An array of anonymous functions is a quick way to start handling web hook requests, but you'll probably want to put your handlers in your main application DI container as your project grows. For this case, you'll want to use Router::build() instead of Router::buildFromClosureArray(). build() takes three parameters:

  1. An object that implements the PSR-11 ContainerInterface (e.g. Slim 3's container)
  2. An array of mappings between action names (as keys) and container keys (as values). This provides a whitelist so incoming requests aren't pulling random services out of the container, and allows you to map multiple action names to a single dependency if you like.
  3. The optional fallback callable.

Taking the previous example, but assuming we've now moved our "hello" handler into the container as "helloHandler", we'd end up with:

<?php

use iansltx\DialogflowBridge\{Middleware, Router, Question, Answer};

// require Composer autoloader here

$app = new Slim\App();
$app->post('/hook', new Middleware\DoublePass(Router::build($app->getContainer(), [
    'hello' => 'helloHandler'
], function (Question $question, Answer $answer) : Answer {
    return $answer->withSpeechAndText("Sorry, I'm not sure what to do here.");
})));
$app->run();

As you switch to class-based action handlers, you can (but don't need to) implement HandlerInterface to ensure your handler method has the right signature.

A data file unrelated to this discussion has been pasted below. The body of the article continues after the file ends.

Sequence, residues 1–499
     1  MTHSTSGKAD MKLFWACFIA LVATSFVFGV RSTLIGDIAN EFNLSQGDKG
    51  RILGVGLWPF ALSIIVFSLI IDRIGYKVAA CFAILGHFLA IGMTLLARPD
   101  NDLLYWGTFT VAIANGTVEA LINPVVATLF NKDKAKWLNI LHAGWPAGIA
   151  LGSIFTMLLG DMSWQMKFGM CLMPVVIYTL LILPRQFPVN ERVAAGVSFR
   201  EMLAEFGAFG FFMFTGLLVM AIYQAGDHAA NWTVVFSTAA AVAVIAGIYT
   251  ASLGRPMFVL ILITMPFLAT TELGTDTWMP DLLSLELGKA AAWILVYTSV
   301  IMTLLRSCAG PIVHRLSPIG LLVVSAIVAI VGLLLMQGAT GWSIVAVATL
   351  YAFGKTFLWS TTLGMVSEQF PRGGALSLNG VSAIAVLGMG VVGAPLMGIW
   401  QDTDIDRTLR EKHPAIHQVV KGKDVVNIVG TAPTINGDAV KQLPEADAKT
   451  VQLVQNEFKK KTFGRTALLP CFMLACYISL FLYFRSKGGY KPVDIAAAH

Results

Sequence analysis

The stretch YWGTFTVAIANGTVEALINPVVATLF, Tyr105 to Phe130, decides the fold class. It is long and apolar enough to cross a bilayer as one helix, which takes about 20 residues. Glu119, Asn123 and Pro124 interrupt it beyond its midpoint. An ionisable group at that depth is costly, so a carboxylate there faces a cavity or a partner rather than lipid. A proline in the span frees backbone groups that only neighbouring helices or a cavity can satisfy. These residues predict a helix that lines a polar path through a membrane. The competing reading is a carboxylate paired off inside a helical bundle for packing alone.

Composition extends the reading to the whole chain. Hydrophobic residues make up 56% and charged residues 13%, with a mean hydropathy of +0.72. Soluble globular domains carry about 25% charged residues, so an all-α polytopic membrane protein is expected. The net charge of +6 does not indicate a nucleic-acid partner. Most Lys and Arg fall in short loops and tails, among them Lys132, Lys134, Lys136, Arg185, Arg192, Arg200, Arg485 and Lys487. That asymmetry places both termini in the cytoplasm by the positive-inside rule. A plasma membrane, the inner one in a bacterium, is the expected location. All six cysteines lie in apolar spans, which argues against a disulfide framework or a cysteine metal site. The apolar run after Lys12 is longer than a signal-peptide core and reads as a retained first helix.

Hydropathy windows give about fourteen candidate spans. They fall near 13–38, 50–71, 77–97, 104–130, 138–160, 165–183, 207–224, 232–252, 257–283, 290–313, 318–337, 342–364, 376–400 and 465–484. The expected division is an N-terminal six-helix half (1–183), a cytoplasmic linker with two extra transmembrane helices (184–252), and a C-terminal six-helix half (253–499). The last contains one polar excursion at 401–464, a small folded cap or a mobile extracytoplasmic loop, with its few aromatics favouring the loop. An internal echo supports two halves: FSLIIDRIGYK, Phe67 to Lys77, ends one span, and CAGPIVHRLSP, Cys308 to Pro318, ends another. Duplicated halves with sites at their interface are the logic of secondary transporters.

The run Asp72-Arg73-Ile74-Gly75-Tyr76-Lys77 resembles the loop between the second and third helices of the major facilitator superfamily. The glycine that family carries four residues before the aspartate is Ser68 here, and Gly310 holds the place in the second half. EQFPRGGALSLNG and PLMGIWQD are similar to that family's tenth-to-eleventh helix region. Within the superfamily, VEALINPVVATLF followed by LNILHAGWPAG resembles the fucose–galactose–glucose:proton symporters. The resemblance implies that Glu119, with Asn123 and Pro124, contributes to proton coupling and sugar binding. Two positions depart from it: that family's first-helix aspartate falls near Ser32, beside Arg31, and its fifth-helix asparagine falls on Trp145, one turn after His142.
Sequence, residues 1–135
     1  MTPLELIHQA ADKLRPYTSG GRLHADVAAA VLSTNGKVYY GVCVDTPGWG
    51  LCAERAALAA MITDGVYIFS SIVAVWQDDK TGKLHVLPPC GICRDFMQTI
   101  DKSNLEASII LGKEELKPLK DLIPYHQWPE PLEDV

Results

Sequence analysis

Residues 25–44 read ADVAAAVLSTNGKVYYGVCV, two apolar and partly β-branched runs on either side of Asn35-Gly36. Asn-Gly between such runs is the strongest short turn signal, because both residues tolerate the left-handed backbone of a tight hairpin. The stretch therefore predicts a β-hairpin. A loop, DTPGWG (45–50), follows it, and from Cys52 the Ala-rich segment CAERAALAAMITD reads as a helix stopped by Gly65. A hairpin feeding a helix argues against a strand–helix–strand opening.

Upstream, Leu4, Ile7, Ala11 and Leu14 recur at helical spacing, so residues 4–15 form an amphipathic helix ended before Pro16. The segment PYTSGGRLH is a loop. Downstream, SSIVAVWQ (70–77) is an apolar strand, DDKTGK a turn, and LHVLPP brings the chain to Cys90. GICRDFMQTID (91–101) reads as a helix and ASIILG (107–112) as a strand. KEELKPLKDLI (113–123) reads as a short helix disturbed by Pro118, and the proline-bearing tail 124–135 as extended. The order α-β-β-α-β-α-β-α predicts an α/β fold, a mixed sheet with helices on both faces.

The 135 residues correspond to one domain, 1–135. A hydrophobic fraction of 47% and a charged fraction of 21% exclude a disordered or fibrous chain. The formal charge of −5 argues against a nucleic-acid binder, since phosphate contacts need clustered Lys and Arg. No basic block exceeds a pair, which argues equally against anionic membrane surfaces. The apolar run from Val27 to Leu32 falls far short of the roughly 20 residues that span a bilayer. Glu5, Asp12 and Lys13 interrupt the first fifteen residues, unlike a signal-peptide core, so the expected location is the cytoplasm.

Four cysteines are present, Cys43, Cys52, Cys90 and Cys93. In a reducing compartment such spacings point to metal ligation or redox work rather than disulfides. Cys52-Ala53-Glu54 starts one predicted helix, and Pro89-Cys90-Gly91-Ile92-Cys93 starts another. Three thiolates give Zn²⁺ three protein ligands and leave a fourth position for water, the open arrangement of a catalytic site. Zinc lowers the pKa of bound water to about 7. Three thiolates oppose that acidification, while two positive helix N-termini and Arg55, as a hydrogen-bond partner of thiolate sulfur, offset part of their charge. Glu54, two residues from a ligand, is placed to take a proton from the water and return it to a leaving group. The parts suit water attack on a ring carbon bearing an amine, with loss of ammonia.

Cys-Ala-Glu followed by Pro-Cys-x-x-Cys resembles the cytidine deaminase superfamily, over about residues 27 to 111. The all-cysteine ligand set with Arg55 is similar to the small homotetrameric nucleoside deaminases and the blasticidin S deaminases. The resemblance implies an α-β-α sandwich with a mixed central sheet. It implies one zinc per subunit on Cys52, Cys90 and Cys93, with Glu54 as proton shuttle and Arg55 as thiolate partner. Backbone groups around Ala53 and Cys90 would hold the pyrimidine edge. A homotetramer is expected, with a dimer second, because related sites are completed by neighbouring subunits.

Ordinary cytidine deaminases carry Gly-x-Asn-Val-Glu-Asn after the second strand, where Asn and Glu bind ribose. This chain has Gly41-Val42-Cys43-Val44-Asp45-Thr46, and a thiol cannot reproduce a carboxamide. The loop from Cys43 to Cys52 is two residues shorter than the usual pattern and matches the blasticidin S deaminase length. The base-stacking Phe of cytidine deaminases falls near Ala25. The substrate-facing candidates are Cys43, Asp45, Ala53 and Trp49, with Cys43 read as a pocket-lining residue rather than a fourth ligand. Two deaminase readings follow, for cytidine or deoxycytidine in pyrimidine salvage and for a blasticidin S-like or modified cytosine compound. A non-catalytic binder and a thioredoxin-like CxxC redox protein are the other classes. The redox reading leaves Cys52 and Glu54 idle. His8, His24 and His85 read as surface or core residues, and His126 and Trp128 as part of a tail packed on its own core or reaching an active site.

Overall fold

More on Middlewares

The DoublePass class can be used as an actual middleware, rather than as a Slim route callable, as needed; its third parameter is unused and not typehinted to allow for this.

If you'd rather use a framework that relies on the proposed PSR-15 middleware spec, set up an instance of the PSR15 class. In that case you'll need both a Router instance (just like DoublePass) and a callable that, given something JSON-serializeable as its only parameter, returns a PSR-7 ResponseInterface with the parameter JSON-encoded, plus the proper Content-Type header. If you're using Zend Diactoros, building the middleware will look like:

$middleware = new Middleware\PSR15($router, function($data) {
    return new \Zend\Diactoros\JsonResponse($data);
});

Objects

This library provides a couple of immutable objects that make interacting with Dialogflow web hooks a bit easier.

Question

Question wraps Dialogflow's web hook request JSON, allowing cleaner access to parameters, contexts, and other aspects of the web hook request. Normally you'll be provided a Question by the router, but you can also build a Question independently:

/** @var \Psr\Http\Message\ServerRequestInterface $request */
$question = Question::fromRequest($request); // from a PSR-7 request

/** @var array $data */
$question = new Question($data); // from an array, e.g. by JSON-decoding the web hook request body

See method docblocks in the Question class for more information.

Answer

An Answer can be passed directly into json_decode() to produce the response body needed for an Dialogflow web hook call. Normally this will get generated by calling getBaseAnswer() on a Question. Doing so informs the Answer of which contexts are currently set, so they can be dropped if needed. This is the way the router handles Questions and Answers, but you can also call new Answer() directly.

See method docblocks in the Answer class for more information.

You can’t perform that action at this time.